From that perspective, you have learned (and forgotten) more than you will ever know, radiologically or otherwise. You’ve probably heard about the “magic number” of items you can hold in your short-term memory (7 +/-2). Even the harshest self-critic would admit that she or he learned vastly more than five to nine items before getting very far in life. At any given moment, you “know” a small handful of things. Anything beyond that takes a moment to bring back to your consciousness.

I like to think of short-term memory as a loading dock in front of an impossibly huge warehouse. Your conscious self dwells in the dock’s relatively small space as the world brings various things by the dock. If you remember them at all, they get brought into the warehouse but how you bring them in determines whether you will easily retrieve them later.

For instance, perhaps you are “bad with names.” In a social situation, you meet a handful of people but know that it will only be a matter of minutes before you have no idea what to call any of them. The names showed up on your loading dock, but you dismissively had some of your warehouse goons bring them in and toss them in some corner or other. Good luck ever retrieving those.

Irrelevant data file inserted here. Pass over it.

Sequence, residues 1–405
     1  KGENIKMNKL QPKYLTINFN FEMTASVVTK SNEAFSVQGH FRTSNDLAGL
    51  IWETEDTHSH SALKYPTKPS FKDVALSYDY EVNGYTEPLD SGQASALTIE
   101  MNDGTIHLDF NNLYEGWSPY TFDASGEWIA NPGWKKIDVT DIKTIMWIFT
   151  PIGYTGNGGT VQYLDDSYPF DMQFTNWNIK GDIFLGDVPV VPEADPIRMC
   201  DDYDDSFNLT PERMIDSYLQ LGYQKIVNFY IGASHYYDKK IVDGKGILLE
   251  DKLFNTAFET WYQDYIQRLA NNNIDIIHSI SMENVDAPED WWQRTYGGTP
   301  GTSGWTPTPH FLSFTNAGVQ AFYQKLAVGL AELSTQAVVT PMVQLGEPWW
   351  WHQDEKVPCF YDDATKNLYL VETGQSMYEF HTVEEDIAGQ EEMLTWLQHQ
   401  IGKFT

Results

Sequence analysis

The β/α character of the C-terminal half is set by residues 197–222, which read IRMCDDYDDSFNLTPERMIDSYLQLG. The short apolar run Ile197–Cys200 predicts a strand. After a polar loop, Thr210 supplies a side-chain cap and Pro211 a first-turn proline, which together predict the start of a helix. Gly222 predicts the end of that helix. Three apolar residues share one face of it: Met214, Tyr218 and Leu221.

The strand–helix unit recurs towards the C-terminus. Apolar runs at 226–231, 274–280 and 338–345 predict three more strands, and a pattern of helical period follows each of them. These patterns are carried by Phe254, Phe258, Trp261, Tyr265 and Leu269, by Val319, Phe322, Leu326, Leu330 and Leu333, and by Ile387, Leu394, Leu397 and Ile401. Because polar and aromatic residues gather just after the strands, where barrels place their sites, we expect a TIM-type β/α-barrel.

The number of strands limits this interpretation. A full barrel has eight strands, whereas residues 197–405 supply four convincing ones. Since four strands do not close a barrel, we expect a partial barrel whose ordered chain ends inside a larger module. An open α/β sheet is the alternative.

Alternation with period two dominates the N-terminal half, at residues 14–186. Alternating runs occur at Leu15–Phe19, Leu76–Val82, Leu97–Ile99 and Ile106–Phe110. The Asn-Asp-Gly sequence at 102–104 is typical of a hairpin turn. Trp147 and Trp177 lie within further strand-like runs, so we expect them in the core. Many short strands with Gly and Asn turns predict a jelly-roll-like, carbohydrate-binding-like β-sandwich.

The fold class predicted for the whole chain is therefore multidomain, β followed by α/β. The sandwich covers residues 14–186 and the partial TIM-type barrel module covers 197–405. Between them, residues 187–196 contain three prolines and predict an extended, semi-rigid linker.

Now imagine you are in radiology residency. You’re trying to learn an awful lot of stuff but when a neuro attending tells you the MR signal characteristics for various stages of intracranial bleeds, it strikes you as particularly important. You make a special effort and have your warehouse people carefully bring in that info so you will be able to summon it back to the loading dock in a jiffy. Perhaps you earmark it with a funny mnemonic to make sure.

Could you be a little embarrassed to think that 20 years later, you’re still using that memory trick when you look at scans? Perhaps. However, for all you know, the best radiology wizards are doing exactly the same thing, since their loading docks are no larger than yours.

Let’s put it another way. If a radiologist interprets an imaging study correctly, do you really care whether the rad did it unassisted, aided by a nursery rhyme mnemonic he or she learned in med school, or because the rad remembered enough to look up a detail from a reliable source?